The education you get in college is of the utmost importance. But of course, you can’t learn everything in a college classroom. In fact, some of life’s greatest lessons are not things you learn in class, but things you learn on the mountain. Skiing is one of life’s greatest teachers (and the classroom isn’t half bad). From novice to veteran, the mountain can teach you new lessons everyday:
School is—even at its best—an exercise in following a predefined, narrow path. You take the classes you need to graduate, and straying too far from that path can spell disaster. Skiing teaches you the opposite. It’s fine to take the easiest way down, follow the groomers, and not stray far from the center of the path. But taking the creative route can be a lot of fun. Dip into the trees, ski the bowls, chase not only the path less traveled, but the path not traveled at all. Learn to be the first one there.
Maybe the most often repeated advice heard when entering college is to not, under any circumstances, take 8 a.m. classes. Many try, and many—including myself—fail miserably to avoid early morning courses. They provide nothing but terrible, terrible suffering. School teaches you that it’s really not worth waking up early. But on the mountain, even for a night owl like myself, there is maybe no wider-preached lesson than to wake up and hit the slopes early. Although it’s enticing to sleep in and arrive at the mountain fully rested, it’s far more worth it to wake up early and enjoy the splendor of unspoiled snow. In addition, staying out until the last chair, when the mountain is quiet and the snow is soft, is one of the best ways to experience the slopes.
The classroom tends to be an authoritarian system where the professor speaks and the students listen. Skiing teaches the opposite lesson. Go against the grain, challenge everything before you. Skiing and snowboarding are constantly evolving sports that have both elements of innovation but also resistance. We would not have some of the wonderful parts of skiing, like terrain parks, or twin-tip skis, or snowboarding in its entirety, if it wasn’t for men and women who said “no” to the status quo and forged their own path.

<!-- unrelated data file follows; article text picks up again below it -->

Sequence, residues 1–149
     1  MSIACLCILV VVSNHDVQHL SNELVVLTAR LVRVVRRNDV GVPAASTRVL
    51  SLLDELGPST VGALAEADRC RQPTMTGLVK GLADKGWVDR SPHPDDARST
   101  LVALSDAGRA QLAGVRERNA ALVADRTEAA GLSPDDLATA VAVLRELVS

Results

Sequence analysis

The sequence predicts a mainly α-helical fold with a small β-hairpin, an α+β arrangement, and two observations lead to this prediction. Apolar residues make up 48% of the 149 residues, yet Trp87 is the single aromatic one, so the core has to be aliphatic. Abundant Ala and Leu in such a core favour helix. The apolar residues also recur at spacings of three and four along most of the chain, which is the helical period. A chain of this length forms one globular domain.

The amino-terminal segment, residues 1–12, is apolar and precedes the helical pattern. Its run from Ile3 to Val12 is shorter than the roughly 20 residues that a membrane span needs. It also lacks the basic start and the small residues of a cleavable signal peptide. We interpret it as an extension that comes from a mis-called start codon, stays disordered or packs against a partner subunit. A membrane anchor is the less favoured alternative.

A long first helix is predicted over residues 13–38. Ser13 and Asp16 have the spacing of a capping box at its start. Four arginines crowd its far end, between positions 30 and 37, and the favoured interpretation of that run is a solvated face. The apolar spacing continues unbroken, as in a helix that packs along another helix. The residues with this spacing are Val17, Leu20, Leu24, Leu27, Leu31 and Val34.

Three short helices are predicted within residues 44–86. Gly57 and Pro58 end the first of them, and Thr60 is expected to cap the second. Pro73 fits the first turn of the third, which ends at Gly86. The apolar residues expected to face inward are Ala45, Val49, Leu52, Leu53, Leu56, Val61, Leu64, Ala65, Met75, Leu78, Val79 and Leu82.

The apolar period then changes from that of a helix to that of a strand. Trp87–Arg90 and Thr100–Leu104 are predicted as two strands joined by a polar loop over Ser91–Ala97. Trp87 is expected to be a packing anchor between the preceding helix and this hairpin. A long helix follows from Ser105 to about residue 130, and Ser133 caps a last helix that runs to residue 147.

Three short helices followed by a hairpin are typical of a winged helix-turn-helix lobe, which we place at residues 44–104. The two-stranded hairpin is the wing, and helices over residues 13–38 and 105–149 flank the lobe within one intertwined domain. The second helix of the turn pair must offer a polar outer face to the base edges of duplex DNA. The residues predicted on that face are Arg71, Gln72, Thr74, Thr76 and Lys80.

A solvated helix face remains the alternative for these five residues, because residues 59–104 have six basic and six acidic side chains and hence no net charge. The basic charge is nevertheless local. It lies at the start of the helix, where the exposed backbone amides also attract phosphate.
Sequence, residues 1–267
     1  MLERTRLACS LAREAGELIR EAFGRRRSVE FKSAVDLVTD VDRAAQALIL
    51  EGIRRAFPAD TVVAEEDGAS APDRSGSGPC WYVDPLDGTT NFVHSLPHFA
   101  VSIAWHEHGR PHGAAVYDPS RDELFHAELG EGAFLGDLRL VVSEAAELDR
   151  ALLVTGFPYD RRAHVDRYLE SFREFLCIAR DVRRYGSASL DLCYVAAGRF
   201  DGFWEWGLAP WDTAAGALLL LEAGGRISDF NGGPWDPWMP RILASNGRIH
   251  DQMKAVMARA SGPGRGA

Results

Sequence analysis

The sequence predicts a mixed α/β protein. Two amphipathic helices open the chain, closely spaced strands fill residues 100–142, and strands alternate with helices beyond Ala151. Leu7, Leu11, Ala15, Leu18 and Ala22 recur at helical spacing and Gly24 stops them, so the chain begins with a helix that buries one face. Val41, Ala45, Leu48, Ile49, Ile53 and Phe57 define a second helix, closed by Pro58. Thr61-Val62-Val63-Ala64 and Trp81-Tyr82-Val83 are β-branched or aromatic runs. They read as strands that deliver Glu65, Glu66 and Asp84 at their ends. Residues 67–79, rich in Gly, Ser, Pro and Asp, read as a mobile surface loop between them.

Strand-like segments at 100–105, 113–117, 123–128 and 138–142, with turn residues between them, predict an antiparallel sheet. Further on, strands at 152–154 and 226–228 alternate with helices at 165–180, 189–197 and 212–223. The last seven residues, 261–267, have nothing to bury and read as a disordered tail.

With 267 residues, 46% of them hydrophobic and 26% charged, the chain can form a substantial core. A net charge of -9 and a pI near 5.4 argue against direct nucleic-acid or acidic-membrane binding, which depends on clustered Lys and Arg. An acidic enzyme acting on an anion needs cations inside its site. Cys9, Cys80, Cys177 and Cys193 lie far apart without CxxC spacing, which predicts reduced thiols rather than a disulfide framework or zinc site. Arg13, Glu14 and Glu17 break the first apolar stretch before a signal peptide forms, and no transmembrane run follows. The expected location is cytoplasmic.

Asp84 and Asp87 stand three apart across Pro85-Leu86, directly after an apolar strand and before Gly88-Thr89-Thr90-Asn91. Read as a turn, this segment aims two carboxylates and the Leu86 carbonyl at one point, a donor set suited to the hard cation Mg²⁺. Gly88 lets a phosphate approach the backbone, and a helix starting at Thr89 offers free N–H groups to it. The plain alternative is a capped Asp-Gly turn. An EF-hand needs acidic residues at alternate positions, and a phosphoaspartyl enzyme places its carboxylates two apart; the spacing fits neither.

In my experience as a student, classes continually attempt to implement more and more technology. In fact, it would be almost impossible to go through college without a computer nowadays, and school teaches us to stay constantly connected to emails, online assignments and social media to advance ourselves academically and professionally. Skiing gives us the opportunity to unplug. Like many skiers, I enjoy listening to music while I ski, and taking pictures and videos of the day. But beyond that, it can be hard to use technology on the slopes, between the clumsy gloves, freezing temperatures that zap phone batteries, and messes of pockets and layers. Skiing has taught me that disconnecting is good and that I don’t need technology to have a good time.
As much as I wish there was a class in organizing the space in the back of a 2014 Ford Focus to fit you, three of your friends and a slightly absurd amount of gear (including multiple boards for each person), alas there is not. In fact, a day trip up to the slopes, or an even more educating weekend trip to the slopes, is probably one of the best lessons in spatial organization in the entire world.
I’m sure that somewhere in the wide world of secondary education there’s a university with a science class dedicated to the different ways snow can form and land on our earth but, for most, this isn’t a common lesson in school. However, ask a skier about different kinds of snow and you’ll get an answer back that is at the same time surprisingly scientific as it is full of insane lingo. Corn, pow, crud, crust, corduroy, slush, mashed-potatoes and more. A couple days on the slopes can supply you with an intensive knowledge of how different types of snow feel, and what ridiculous name they’re called.
Classes tend to involve far less socialization than college brochures and movies tend to make you believe. In fact, it’s pretty easy, especially in large lecture hall classes, to show up to class and not speak a single word. Luckily, the chairlift offers even the most socially anxious or introverted among us the perfect opportunity to socialize. Chairlift conversations are transient, anonymous conversations. While you could meet the future love of your life, or a skiing buddy for the day, it’s more likely you’ll make nice small talk and then both disappear from each others lives.
Skiing is old, like real old, 6000 BCE old. Because of that, taking part in skiing is taking part in an ancient human activity. Of course, skiing has been transformed incredibly in its long history, and the hunters of prehistoric Scandinavia have little in common with the modern day skiers of Colorado. Skiing is a first-hand experience in history, one as fascinating as any lecture or textbook chapter you might find in a class. And it’s easy to appreciate history when you’re having the time of your life.
Justin Cygan is a fourth-year student at the University of Denver, where he studies International Relations and Journalism. Born and raised in Colorado, he learned to ski and snowboard at his home mountain of Loveland, where he still regularly rides today. When not chasing pow he can be found skateboarding, writing, reading, cooking and taking pictures in Denver and throughout the state. Justin is the proud father of a year-old aloe plant. Read more of Justin’s stories here.